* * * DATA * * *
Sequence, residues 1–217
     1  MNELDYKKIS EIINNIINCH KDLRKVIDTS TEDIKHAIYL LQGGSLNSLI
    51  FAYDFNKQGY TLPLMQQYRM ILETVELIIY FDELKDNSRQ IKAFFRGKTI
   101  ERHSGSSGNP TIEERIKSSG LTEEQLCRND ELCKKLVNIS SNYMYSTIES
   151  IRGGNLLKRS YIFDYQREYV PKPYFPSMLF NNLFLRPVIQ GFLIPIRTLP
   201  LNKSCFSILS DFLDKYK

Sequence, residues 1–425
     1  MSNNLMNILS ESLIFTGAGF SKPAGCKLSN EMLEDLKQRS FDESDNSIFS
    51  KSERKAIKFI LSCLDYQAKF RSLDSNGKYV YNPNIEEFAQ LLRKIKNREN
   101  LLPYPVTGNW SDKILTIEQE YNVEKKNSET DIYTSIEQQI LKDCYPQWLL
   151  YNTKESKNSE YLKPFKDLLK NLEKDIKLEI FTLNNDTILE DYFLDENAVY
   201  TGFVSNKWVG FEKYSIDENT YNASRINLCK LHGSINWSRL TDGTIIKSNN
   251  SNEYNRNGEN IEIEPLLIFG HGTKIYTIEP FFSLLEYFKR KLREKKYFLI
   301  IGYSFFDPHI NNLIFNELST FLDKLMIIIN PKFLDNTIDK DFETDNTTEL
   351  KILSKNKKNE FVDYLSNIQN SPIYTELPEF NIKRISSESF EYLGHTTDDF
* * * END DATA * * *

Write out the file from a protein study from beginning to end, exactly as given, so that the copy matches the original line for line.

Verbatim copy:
Sequence, residues 1–217
     1  MNELDYKKIS EIINNIINCH KDLRKVIDTS TEDIKHAIYL LQGGSLNSLI
    51  FAYDFNKQGY TLPLMQQYRM ILETVELIIY FDELKDNSRQ IKAFFRGKTI
   101  ERHSGSSGNP TIEERIKSSG LTEEQLCRND ELCKKLVNIS SNYMYSTIES
   151  IRGGNLLKRS YIFDYQREYV PKPYFPSMLF NNLFLRPVIQ GFLIPIRTLP
   201  LNKSCFSILS DFLDKYK

Sequence, residues 1–425
     1  MSNNLMNILS ESLIFTGAGF SKPAGCKLSN EMLEDLKQRS FDESDNSIFS
    51  KSERKAIKFI LSCLDYQAKF RSLDSNGKYV YNPNIEEFAQ LLRKIKNREN
   101  LLPYPVTGNW SDKILTIEQE YNVEKKNSET DIYTSIEQQI LKDCYPQWLL
   151  YNTKESKNSE YLKPFKDLLK NLEKDIKLEI FTLNNDTILE DYFLDENAVY
   201  TGFVSNKWVG FEKYSIDENT YNASRINLCK LHGSINWSRL TDGTIIKSNN
   251  SNEYNRNGEN IEIEPLLIFG HGTKIYTIEP FFSLLEYFKR KLREKKYFLI
   301  IGYSFFDPHI NNLIFNELST FLDKLMIIIN PKFLDNTIDK DFETDNTTEL
   351  KILSKNKKNE FVDYLSNIQN SPIYTELPEF NIKRISSESF EYLGHTTDDF